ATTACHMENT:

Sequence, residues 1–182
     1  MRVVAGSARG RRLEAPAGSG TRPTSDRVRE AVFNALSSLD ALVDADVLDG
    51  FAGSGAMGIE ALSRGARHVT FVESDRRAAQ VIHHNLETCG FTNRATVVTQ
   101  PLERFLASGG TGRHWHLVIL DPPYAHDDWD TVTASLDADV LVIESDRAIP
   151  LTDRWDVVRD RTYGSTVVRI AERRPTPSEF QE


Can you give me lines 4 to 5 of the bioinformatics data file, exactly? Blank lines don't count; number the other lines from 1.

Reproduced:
   101  PLERFLASGG TGRHWHLVIL DPPYAHDDWD TVTASLDADV LVIESDRAIP
   151  LTDRWDVVRD RTYGSTVVRI AERRPTPSEF QE